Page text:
If your ex is actively using, you likely have supervised visits. If you do not, and you have not been successful in securing a limited visitation schedule through the courts, is there a way to coordinate visits with a family member, friend or leader in your religious community to keep the kids safe?
Seek professional support, but keep this advice in mind:
- Support their recovery efforts.
- Recognize and work on any codependency on your part. Al-anon.
If you have an amicable relationship, create an agreement that addresses restrictions on driving, increased communication between you and the addicted parent, and repercussions if they use when they are with the children. This Psychology Today article gives good advice on co-parenting with an addict.
How to co-parent with someone you hate
My post-divorce road with my ex has been rocky. We’re six years into this co-parenting business, and we’re far from hitting a permanent groove. In the early days, aside from screaming matches in front of the kids and neighbors alike, there were in fact calls to police and a restraining order. Weeks would go by without seeing him, and last-minute cancellations were commonplace.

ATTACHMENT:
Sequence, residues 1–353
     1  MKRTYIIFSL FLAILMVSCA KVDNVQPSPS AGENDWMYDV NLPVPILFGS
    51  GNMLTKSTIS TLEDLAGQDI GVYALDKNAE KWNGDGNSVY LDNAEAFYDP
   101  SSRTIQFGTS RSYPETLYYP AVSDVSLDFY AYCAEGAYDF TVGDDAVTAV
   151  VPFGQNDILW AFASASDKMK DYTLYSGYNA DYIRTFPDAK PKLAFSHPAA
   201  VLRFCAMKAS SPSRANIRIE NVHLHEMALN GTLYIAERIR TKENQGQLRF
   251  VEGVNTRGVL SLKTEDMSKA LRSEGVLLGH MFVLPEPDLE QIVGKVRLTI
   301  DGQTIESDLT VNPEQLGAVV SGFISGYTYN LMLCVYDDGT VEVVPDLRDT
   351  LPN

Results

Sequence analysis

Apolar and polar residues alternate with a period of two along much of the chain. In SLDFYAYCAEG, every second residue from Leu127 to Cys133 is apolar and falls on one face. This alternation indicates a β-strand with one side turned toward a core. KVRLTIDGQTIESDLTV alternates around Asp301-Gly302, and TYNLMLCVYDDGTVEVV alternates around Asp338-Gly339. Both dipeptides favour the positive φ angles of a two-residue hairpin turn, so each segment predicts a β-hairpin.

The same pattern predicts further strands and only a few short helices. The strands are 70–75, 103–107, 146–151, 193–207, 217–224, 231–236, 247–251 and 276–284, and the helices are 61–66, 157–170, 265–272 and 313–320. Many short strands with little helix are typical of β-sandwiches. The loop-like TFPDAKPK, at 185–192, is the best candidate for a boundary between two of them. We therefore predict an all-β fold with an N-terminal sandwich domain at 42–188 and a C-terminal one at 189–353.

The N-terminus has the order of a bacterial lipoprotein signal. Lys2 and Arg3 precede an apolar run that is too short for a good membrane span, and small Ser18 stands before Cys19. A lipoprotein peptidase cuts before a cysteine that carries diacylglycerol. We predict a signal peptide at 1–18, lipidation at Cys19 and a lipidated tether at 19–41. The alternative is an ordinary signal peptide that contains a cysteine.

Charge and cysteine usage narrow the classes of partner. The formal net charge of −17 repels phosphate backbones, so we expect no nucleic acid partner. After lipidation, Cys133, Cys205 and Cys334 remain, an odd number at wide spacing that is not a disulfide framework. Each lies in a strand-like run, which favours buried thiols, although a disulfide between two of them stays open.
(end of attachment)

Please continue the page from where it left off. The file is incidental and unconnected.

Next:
Whatever nasty thing you can imagine saying to another person were in fact said. I’m guilty.
It seems inconceivable that our relationship would be anything other than an East Coast version of Pamela Anderson and Tommy Lee, minus the fake tits, drugs and millions of dollars.
Every day I hear from people in the midst of coparenting hell: Dads who check out, moms who block visitation, parents who cancel visits while the kids are waiting by the door, parents who call police when the other is one minute past the court-ordered time, screaming matches and one or the other spending nights in jail — for no good reason.
Fast-forward to today, and my ex and I hardly have it figured all out, and ups-and-downs ensue. What I could not have imagined has come to pass: More or less regular visits and smooth communication. Spontaneous meals together with the kids, whether at my place or restaurants. Rides shared in one or the other’s Subaru to soccer games. Gifts exchanged on behalf of the kids to the other parent on birthdays and holidays. Chit chats and the occasional hug after a big argument or birthday party co-hosted successfully at the local bowling alley.